Critics schmitics

Did you see the winners’ list for the 2010 Critics’ Choice Awards last night?

Did you know they were on?  (Did you even know they exist?)

I found them quite by accident.  But hey, it’s an awards show, and Kristin Chenoweth was hosting, so I decided to hang out for a while and see what was what.

Here are the night’s big winners:

Best Picture: ‘The Hurt Locker’
Best Actor: Jeff Bridges, ‘Crazy Heart’
Best Actress: (tie) Sandra Bullock, ‘The Blind Side,’ and Meryl Streep, ‘Julia And Julia’
Best Supporting Actor: Christoph Waltz, ‘Inglourious Basterds’
Best Supporting Actress: Mo’nique, ‘Precious: Based On The Novel Push By Sapphire’
Best Director: Kathryn Bigelow, ‘The Hurt Locker’
Best Original Screenplay: Quentin Tarantino, ‘Inglourious Basterds’
Best Adapted Screenplay: ‘Up In The Air,’ Ivan Reitman and Sheldon Turner
Best Acting Ensemble: ‘Inglourious Basterds’
Best Animated Feature: ‘Up’
Best Young Actor/Actress: Saoirse Ronan, ‘The Lovely Bones’
Best Action Movie: ‘Avatar’
Best Comedy Movie: ‘The Hangover’
Best Foreign Language Film: ‘Los Abrazos Rotos’
Best Documentary: ‘The Cove’
Best Song:The Weary Kind’ from ‘Crazy Heart’
Best Score: Michael Giacchino, ‘Up’
Best Picture Made For Television: ‘Grey Gardens’
Best Cinematography: ‘Avatar’
Best Editing: ‘Avatar’
Best Visual Effects: ‘Avatar’
Best Sound: ‘Avatar’
Best Costume Design: ‘The Young Victoria’
Best Makeup: ‘District 9’

I’ve noted in orange where my Golden Globe predictions and the Critics’ Choice winners have crossed paths.  Obviously, the two ceremonies have very different categories — the Globes honor television as well — but when you consider movies alone, the Critics and myself feel quite differently about the best movies of the year.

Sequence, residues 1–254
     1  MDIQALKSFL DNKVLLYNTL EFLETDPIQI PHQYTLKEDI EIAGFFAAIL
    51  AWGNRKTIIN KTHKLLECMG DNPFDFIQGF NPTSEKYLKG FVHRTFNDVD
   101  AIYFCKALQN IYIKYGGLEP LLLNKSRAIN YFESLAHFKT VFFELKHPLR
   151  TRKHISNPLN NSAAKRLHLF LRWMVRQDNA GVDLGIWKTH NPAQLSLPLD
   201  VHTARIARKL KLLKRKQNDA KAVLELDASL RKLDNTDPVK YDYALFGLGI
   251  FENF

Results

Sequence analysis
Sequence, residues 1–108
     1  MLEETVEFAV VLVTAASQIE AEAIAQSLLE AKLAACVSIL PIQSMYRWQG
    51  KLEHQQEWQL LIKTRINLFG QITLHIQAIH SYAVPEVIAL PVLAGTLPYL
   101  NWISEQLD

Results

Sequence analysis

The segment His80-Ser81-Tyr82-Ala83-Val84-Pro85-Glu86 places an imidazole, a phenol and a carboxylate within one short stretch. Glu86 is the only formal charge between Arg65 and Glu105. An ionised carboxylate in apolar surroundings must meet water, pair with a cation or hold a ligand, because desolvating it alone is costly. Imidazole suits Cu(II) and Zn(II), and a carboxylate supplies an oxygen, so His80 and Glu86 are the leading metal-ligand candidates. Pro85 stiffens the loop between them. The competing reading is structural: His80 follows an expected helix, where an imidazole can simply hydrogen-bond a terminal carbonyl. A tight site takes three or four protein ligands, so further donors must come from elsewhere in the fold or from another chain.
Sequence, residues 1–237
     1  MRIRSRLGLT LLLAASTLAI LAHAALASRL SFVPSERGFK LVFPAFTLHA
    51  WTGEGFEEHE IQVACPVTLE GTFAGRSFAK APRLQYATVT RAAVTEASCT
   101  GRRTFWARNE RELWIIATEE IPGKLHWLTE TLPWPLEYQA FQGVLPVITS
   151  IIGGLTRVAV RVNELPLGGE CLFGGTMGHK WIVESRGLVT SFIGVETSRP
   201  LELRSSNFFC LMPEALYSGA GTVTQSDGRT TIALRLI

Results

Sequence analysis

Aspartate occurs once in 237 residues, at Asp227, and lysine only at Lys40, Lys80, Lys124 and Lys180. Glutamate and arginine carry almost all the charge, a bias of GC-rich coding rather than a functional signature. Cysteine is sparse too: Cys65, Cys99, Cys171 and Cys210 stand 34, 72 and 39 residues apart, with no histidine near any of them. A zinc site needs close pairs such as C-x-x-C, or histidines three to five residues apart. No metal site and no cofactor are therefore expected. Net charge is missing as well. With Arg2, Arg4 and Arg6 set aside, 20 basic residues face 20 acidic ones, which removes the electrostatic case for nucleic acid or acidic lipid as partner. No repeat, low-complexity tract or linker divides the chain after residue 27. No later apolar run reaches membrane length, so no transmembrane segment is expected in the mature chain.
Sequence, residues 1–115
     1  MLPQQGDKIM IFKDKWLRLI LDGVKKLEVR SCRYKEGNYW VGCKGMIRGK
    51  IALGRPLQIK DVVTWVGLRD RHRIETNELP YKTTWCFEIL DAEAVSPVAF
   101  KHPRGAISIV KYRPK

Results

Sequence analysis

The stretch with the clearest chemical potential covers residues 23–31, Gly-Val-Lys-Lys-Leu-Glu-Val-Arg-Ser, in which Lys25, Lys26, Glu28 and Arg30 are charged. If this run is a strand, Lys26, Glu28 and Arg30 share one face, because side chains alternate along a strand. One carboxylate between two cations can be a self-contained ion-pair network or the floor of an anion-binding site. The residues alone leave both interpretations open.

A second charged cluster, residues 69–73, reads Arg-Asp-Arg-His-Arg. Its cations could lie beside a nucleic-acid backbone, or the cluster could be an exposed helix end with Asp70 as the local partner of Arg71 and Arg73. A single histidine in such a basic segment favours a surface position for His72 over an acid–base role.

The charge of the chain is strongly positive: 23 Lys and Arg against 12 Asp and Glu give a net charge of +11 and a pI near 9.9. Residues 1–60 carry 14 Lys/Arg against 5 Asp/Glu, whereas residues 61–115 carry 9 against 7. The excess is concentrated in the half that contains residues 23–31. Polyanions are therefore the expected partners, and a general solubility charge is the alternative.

For Best Picture, they chose to reward yet another war picture.  Now, I know the “The Hurt Locker” is being billed as a truly spectacular film about war.  But I am really hopeful that the Golden Globes (and other subsequent awards shows) will chose to give their trophy to films that took an original cinematic bent on original cinematic topics.

Call me crazy, but I think audiences prefer a little variety.

We’ll see who’s right (me) and who gets the awards.

One response to “Critics schmitics

  1. Whatever’s going on in the culture has a big effect on what wins awards. Of course movies that aren’t hits don’t win the biggies usually, and those that are get more momentum regardless of their quality. I disagree that the current audience wants variety. It’s an uneasy time. They want safety and an escape. I liked reading this article!

    (I posted about Avatar, on-camera acting, and bad movies lately.)

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